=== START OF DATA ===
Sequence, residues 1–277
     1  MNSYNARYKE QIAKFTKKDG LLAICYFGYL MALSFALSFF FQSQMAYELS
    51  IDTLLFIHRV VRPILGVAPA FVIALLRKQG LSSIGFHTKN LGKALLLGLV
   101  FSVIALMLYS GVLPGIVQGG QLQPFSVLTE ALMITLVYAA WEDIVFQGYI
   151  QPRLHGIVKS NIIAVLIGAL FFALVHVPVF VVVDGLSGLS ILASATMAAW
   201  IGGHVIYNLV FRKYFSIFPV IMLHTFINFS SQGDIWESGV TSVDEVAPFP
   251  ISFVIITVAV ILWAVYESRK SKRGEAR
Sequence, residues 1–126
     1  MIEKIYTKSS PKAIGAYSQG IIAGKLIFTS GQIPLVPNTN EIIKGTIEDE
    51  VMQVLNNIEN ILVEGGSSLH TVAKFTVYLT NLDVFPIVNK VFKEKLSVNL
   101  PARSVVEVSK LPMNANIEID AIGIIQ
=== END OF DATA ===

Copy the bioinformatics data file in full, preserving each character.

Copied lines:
Sequence, residues 1–277
     1  MNSYNARYKE QIAKFTKKDG LLAICYFGYL MALSFALSFF FQSQMAYELS
    51  IDTLLFIHRV VRPILGVAPA FVIALLRKQG LSSIGFHTKN LGKALLLGLV
   101  FSVIALMLYS GVLPGIVQGG QLQPFSVLTE ALMITLVYAA WEDIVFQGYI
   151  QPRLHGIVKS NIIAVLIGAL FFALVHVPVF VVVDGLSGLS ILASATMAAW
   201  IGGHVIYNLV FRKYFSIFPV IMLHTFINFS SQGDIWESGV TSVDEVAPFP
   251  ISFVIITVAV ILWAVYESRK SKRGEAR
Sequence, residues 1–126
     1  MIEKIYTKSS PKAIGAYSQG IIAGKLIFTS GQIPLVPNTN EIIKGTIEDE
    51  VMQVLNNIEN ILVEGGSSLH TVAKFTVYLT NLDVFPIVNK VFKEKLSVNL
   101  PARSVVEVSK LPMNANIEID AIGIIQ